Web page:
After U. of Georgia Killing, Lawmakers Seek Tougher Immigration Laws

Republican lawmakers in Georgia are pushing to toughen state laws that govern detentions of undocumented migrants after a killing at a college campus sent shock waves through the state.

Last Thursday, the body of Laken Riley, a 22-year-old woman, was found in a wooded area on the campus of the University of Georgia in Athens. According to the authorities, the man charged in her killing, Jose Antonio Ibarra, 26, is a migrant from Venezuela who crossed the Southern border in September 2022.

Officials said that Mr. Ibarra and Ms. Riley did not know each other before the encounter that ended in Ms. Riley’s death.

As an outpouring of grief ensued in Athens, immigration policies in Georgia have come under renewed scrutiny, with Republican lawmakers looking to exercise more state power over local law enforcement agencies. Mayor Kelly Girtz of Athens-Clarke County has faced criticism from conservatives for his welcoming stance toward migrants, and a bill in the State House that would harden Georgia’s existing laws on immigration has gained new momentum.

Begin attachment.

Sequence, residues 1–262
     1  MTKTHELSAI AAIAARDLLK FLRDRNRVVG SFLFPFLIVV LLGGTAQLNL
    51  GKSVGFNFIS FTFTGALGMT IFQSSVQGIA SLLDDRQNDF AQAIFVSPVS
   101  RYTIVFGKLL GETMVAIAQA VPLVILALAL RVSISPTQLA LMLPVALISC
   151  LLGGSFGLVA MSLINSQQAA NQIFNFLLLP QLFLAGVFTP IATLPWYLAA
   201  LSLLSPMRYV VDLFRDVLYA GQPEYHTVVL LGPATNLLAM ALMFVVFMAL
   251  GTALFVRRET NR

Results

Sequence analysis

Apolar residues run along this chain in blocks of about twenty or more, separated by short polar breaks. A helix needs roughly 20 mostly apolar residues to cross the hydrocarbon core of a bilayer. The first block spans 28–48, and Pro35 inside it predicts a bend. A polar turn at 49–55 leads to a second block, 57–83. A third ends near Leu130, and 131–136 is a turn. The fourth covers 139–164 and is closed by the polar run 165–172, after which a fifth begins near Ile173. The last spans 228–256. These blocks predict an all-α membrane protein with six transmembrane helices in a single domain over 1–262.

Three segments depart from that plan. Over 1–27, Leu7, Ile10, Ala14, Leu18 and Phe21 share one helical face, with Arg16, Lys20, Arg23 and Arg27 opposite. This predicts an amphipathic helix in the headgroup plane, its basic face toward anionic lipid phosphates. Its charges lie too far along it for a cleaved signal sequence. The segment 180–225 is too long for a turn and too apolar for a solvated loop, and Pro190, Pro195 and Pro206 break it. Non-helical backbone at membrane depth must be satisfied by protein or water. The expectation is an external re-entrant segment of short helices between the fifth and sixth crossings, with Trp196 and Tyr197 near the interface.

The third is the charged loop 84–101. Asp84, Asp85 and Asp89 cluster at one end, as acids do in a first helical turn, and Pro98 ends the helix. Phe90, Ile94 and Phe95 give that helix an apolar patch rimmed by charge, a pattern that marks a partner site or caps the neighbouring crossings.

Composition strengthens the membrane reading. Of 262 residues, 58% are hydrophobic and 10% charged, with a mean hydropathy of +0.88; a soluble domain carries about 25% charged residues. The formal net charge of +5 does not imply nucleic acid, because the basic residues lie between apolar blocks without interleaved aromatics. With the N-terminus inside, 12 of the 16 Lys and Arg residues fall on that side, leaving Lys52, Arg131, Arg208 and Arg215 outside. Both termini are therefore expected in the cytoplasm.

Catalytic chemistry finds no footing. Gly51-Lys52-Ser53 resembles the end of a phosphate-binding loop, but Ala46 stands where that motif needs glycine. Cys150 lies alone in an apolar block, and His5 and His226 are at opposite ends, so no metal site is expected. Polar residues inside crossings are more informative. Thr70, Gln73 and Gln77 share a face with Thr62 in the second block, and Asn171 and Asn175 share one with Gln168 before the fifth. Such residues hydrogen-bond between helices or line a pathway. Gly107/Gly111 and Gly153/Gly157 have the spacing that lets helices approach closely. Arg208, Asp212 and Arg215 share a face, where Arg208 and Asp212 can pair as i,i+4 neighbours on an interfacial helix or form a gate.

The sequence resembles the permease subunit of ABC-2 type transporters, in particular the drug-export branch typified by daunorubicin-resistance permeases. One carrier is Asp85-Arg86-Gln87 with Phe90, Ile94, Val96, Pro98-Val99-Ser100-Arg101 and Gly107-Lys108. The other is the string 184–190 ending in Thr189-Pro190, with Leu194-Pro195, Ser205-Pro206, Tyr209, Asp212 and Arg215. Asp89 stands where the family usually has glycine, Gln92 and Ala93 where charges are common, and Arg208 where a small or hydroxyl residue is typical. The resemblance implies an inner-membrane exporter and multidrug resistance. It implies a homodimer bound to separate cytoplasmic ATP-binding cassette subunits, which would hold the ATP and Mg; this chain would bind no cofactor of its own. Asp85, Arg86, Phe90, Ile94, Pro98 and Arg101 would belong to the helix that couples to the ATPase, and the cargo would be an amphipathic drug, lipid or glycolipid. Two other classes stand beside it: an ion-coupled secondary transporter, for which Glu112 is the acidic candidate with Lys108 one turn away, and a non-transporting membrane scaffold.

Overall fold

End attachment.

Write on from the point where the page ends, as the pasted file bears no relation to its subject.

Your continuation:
After crossing the border, Mr. Ibarra was arrested by the Border Patrol before being released with temporary permission to stay in the country. Since then, he has had a few run-ins with law enforcement. Last August, he was briefly arrested in New York City for driving a scooter without a license and with a child who was not wearing a helmet, according to an official there. Mr. Ibarra was also arrested in Georgia in October, the Athens-Clarke County Police said, in connection with a shoplifting case.

Under current state laws, law enforcement officials are encouraged to notify immigration authorities when they detain someone who is not a legal resident of the United States.

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